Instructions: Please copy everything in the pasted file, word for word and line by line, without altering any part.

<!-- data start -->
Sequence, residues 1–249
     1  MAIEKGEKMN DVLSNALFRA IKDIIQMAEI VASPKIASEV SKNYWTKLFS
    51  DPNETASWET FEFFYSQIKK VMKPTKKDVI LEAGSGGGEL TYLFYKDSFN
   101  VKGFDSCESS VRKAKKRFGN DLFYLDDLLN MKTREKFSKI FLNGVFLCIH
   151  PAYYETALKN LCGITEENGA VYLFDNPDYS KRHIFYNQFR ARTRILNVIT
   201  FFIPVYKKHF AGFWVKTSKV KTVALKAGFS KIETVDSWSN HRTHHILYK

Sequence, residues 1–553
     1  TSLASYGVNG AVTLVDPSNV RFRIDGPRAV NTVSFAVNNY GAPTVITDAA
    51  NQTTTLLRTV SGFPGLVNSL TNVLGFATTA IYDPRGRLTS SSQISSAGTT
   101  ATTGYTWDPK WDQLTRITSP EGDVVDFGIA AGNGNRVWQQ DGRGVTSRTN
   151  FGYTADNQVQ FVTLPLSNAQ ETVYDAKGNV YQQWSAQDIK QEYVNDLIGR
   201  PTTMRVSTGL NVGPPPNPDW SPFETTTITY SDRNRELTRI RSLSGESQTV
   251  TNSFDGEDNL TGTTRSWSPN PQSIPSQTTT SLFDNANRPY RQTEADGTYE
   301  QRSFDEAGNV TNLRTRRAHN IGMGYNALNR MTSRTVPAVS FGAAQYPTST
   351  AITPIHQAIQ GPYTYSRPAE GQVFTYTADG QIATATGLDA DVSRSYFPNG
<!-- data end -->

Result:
Sequence, residues 1–249
     1  MAIEKGEKMN DVLSNALFRA IKDIIQMAEI VASPKIASEV SKNYWTKLFS
    51  DPNETASWET FEFFYSQIKK VMKPTKKDVI LEAGSGGGEL TYLFYKDSFN
   101  VKGFDSCESS VRKAKKRFGN DLFYLDDLLN MKTREKFSKI FLNGVFLCIH
   151  PAYYETALKN LCGITEENGA VYLFDNPDYS KRHIFYNQFR ARTRILNVIT
   201  FFIPVYKKHF AGFWVKTSKV KTVALKAGFS KIETVDSWSN HRTHHILYK

Sequence, residues 1–553
     1  TSLASYGVNG AVTLVDPSNV RFRIDGPRAV NTVSFAVNNY GAPTVITDAA
    51  NQTTTLLRTV SGFPGLVNSL TNVLGFATTA IYDPRGRLTS SSQISSAGTT
   101  ATTGYTWDPK WDQLTRITSP EGDVVDFGIA AGNGNRVWQQ DGRGVTSRTN
   151  FGYTADNQVQ FVTLPLSNAQ ETVYDAKGNV YQQWSAQDIK QEYVNDLIGR
   201  PTTMRVSTGL NVGPPPNPDW SPFETTTITY SDRNRELTRI RSLSGESQTV
   251  TNSFDGEDNL TGTTRSWSPN PQSIPSQTTT SLFDNANRPY RQTEADGTYE
   301  QRSFDEAGNV TNLRTRRAHN IGMGYNALNR MTSRTVPAVS FGAAQYPTST
   351  AITPIHQAIQ GPYTYSRPAE GQVFTYTADG QIATATGLDA DVSRSYFPNG